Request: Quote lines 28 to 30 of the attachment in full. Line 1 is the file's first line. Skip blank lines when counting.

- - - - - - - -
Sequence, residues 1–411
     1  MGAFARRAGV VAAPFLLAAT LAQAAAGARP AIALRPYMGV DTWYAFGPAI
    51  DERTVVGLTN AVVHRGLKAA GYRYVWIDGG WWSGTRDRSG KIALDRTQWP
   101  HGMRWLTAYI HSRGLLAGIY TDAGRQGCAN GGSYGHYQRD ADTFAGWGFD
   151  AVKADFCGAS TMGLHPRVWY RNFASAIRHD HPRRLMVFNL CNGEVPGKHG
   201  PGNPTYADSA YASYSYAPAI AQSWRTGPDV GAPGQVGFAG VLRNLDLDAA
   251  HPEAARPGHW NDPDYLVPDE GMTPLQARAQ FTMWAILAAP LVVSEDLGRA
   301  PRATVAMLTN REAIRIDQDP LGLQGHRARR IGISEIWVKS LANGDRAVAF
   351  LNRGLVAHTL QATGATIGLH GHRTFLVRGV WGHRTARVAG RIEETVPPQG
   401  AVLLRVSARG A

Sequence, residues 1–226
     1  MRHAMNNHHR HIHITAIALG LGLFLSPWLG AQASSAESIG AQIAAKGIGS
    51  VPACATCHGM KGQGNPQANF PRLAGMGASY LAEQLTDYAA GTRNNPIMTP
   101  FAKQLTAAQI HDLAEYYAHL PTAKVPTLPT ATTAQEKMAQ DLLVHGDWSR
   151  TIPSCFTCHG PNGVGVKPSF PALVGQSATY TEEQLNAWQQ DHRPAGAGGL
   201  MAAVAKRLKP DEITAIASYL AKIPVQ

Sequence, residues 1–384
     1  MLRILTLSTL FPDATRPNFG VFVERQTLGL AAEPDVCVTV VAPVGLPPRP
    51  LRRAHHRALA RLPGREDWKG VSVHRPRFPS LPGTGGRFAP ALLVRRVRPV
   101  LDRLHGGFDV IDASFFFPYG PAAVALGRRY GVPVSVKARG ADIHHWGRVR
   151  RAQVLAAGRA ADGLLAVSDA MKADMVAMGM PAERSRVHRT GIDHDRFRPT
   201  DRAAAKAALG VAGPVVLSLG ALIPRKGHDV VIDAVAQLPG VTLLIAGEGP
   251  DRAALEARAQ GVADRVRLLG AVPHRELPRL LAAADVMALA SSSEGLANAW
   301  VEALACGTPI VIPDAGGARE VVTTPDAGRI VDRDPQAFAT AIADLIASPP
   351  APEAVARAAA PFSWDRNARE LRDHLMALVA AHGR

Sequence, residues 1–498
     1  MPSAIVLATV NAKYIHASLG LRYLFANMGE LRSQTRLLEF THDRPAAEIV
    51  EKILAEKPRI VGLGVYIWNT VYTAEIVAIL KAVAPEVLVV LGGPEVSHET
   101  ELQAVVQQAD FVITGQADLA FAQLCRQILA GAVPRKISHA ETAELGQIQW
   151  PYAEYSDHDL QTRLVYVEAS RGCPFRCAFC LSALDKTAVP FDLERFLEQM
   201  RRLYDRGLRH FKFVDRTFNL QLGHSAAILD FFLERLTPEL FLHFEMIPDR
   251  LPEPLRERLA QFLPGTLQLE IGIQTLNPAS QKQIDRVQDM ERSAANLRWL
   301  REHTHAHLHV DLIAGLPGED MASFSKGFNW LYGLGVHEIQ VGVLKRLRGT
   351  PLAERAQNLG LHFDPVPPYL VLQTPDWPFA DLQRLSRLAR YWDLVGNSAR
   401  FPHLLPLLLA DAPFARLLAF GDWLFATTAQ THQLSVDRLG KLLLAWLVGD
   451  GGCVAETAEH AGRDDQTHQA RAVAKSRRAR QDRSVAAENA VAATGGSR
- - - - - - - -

    51  EKILAEKPRI VGLGVYIWNT VYTAEIVAIL KAVAPEVLVV LGGPEVSHET
   101  ELQAVVQQAD FVITGQADLA FAQLCRQILA GAVPRKISHA ETAELGQIQW
   151  PYAEYSDHDL QTRLVYVEAS RGCPFRCAFC LSALDKTAVP FDLERFLEQM